Legal Challenge Against Part of Seattle Minimum Wage Law Moves Forward

The legal challenge against the discriminatory provisions of Seattle’s new minimum wage law is taking an important step forward. The International Franchise Association and Seattle franchisees last June filed a lawsuit in U.S. District Court to challenge the provisions of the new law that discriminated against small franchise businesses. Then in August, the IFA requested a preliminary injunction to stop the discriminatory provisions of the minimum wage law from taking effect.

U.S. District Court Judge Richard A. Jones has now set oral arguments on that request for a preliminary injunction for 9 a.m. PST on Tuesday, March 10.  This will be the first time that arguments will be made on the legal challenge to the new law in person.  The hearing will be before Judge Jones at the U.S. District Courthouse in downtown Seattle.

Paul D. Clement, a partner at the law firm Bancroft PLLC and a former U.S. Solicitor General, is expected to represent the IFA and the Seattle franchisees at the March hearing.  IFA and five Seattle franchisees sued Seattle in June seeking to stop the city from treating franchisees as large, national companies rather than the small, locally-owned businesses that they are.

Seattle’s ordinance requires large businesses, defined as those with more than 500 employees, to raise the minimum wage they pay their employees to $15 an hour over three years starting April 1, 2015. Smaller businesses get seven years to phase in the wage increase. But at the request of the Service Employees International Union (SEIU), the law treats a single hotel, print center, restaurant or in-home health care provider as if it employs more than 500 people due to its affiliation with a national chain, even if it only employs five people, thereby creating an uneven playing field.

The city’s ordinance willfully categorizes small, independently-owned franchise owners as big, out-of-state businesses, a violation of the Commerce Clause of the U.S. Constitution. The lawsuit argues that the Seattle ordinance defies years of legal precedent clearly defining a franchisee as an independent local business owner who operates separately from its franchisors that provide brand and marketing materials, based on the payment of an initial franchise fee and ongoing royalty payments to use the brand’s trademark.

Judge Jones is likely to decide on the preliminary injunction before the law takes effect on April 1. Regardless of the ruling on the injunction, the lawsuit against the franchisee provisions of the new law will continue.  

The injunction – and the lawsuit – seek to stop only the provisions of the new law that discriminate against franchise businesses. If the injunction is granted, the new minimum wage law still takes effect. Small franchise businesses, however, would adopt the $15 minimum wage on the same 7-year timetable as other small businesses, instead of the 3-year schedule currently required in the ordinance.     

To learn more about the preliminary injunction, read IFA’s motion for the injunction here, and the IFA’s further briefs on the injunction here and here.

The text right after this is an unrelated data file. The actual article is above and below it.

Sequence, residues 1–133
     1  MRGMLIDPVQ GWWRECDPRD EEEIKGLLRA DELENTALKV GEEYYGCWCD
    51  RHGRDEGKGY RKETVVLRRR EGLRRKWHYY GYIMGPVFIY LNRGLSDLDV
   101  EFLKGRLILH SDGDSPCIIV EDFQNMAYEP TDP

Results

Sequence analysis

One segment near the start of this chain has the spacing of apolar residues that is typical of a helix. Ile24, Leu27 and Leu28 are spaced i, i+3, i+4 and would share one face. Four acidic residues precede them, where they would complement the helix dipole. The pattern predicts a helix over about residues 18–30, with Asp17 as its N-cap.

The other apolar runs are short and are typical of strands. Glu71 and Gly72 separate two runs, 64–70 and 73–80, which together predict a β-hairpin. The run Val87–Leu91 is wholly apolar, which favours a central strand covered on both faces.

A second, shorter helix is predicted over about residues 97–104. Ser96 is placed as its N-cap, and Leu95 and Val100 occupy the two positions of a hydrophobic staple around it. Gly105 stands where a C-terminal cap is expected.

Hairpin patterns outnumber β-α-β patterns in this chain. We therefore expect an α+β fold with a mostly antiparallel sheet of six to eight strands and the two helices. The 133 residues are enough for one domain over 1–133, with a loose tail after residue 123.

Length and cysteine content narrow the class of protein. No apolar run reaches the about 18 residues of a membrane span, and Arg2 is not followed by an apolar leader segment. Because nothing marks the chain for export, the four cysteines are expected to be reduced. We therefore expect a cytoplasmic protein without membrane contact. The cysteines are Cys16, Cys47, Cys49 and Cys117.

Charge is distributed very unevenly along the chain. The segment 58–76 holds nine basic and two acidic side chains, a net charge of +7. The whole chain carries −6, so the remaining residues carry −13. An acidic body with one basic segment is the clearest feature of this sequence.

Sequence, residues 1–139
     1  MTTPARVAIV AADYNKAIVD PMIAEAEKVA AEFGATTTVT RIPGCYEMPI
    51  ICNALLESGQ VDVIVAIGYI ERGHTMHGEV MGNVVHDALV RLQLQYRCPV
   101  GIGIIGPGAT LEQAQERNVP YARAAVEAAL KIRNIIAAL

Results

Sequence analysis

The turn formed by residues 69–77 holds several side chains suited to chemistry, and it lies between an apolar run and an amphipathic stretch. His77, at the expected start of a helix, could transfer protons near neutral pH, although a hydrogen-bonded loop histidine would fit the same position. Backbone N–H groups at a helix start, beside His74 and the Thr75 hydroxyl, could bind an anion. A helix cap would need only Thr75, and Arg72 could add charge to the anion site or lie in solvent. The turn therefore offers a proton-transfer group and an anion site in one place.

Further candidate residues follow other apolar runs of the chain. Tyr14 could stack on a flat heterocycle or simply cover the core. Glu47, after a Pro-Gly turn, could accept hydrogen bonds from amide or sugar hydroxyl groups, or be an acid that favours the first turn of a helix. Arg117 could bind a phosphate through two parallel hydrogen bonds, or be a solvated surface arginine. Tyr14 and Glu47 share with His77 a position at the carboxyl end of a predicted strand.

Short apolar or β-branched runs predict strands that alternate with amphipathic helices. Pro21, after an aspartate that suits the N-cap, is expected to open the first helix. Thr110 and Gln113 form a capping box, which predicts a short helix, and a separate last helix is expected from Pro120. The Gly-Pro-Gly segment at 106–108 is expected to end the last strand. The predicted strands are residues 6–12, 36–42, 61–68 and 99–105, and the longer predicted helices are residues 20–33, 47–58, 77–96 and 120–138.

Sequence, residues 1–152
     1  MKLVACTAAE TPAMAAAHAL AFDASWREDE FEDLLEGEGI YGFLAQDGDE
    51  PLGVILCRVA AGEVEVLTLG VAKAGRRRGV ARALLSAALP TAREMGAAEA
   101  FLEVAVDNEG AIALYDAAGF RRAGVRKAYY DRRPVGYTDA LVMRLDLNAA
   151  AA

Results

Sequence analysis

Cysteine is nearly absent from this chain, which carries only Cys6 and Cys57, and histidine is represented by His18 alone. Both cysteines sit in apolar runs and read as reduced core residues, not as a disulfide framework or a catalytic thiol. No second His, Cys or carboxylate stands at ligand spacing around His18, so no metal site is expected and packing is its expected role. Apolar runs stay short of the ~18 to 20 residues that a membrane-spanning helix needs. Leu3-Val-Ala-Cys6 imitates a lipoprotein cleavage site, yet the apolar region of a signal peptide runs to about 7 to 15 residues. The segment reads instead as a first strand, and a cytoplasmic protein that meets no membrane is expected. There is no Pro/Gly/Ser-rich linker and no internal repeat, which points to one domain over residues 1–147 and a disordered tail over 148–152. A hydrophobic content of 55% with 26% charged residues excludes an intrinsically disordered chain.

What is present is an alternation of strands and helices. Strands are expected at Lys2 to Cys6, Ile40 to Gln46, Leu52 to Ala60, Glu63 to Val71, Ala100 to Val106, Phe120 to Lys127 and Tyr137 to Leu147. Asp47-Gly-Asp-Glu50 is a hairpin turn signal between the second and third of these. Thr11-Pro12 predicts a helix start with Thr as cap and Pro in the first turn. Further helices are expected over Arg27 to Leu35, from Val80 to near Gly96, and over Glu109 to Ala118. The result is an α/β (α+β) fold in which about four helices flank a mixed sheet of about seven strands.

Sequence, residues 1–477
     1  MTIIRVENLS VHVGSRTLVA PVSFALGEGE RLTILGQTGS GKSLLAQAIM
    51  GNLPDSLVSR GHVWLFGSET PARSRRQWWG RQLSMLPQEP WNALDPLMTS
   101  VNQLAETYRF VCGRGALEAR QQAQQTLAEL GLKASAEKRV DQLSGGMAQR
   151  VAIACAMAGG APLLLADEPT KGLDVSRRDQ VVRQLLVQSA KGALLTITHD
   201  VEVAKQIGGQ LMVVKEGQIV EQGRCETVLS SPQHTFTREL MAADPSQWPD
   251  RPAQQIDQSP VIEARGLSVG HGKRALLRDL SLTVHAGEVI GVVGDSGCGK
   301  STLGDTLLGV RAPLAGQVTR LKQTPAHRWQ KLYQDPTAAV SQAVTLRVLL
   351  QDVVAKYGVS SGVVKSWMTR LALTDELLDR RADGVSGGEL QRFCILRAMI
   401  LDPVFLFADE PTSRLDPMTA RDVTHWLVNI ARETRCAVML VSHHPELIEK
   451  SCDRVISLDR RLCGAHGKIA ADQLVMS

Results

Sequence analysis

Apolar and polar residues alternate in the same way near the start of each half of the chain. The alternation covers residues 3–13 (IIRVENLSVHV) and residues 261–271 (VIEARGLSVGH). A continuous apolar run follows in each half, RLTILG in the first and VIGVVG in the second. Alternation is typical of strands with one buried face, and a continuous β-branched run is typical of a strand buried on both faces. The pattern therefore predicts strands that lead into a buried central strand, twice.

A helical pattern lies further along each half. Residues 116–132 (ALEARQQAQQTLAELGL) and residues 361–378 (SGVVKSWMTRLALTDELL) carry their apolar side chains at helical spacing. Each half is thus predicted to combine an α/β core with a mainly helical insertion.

What is the Franchise Industry Saying After the State of the Union Address?

IFA obtained input from key leaders within the franchise community about what they feel Congress and President Obama should do to support the business community. Here are excerpts, but you can find the full copy here.

Clint Ehlers
Franchisee, FAST SIGNS International
On NLRB Joint Employer Recommendation 

“I cannot imagine what I would do if I were stripped of my independence because a different business owner, hundreds of miles away, is facing a lawsuit that has nothing to do with me. Hopefully Congress will force the NLRB to reject this flawed recommendation.”  

Herv Breault
Franchisee, Philly Pretzel Factor 
On Proposed Minimum Wage Increases

“Congress should pass legislation that would give incentives for companies that hire military veterans, allowing veterans to pursue their leadership, teamwork and organizational experience.”

Nancy Bigley, CFE
CEO, Bottle & Bottega
On Federal Proposals to Increase Minimum Wage

“I have deep concerns about the proposed wage hikes being examined at the federal level. These dramatic wage increases are going to have a negative impact on small businesses, which already operate under thin margins. ”

Brooke Wilson
Multi-Unit Franchisee, TWO MEN AND A TRUCK®  
On the 30-Hour-Work-Week Requirement in the Affordable Care Act

“The 30-hour definition is a major change that could have far reaching consequences we have not yet begun to see and decisions like this will lead to an increase in part-time work throughout the American economy.”

Saunda Kitchen, CFE
Franchisee, Mr. Rooter Plumbing 
On the need for comprehensive Tax Reform

“America’s tax-code is not working for the economy and small-business owners like me are getting lost in the complex web. Comprehensive tax reform, aimed at creating a fairer and simpler tax code for America’s franchise small-business owners, is the best way to stay competitive and create more jobs.”

 

IFA Board Member Urges Return to 40 Hour Work Week

 

Today, the Senate Committee on Health, Education, Labor, and Pensions (HELP) held a hearing titled Examining Job-Based Health Insurance and Defining Full-Time Work. Among the witnesses testifying at the hearing was IFA Board Member Andy Puzder, CEO of CKE Restaurants Holdings, which owns the Carl’s Jr. and Hardee’s restaurant brands. In his testimony, Puzder explained to the Committee members that the Affordable Care Act’s redefinition of full time employment from the industry standard 40 hours per week to 30 hours was leading to a dramatic reduction in hours and take-home pay for part time workers.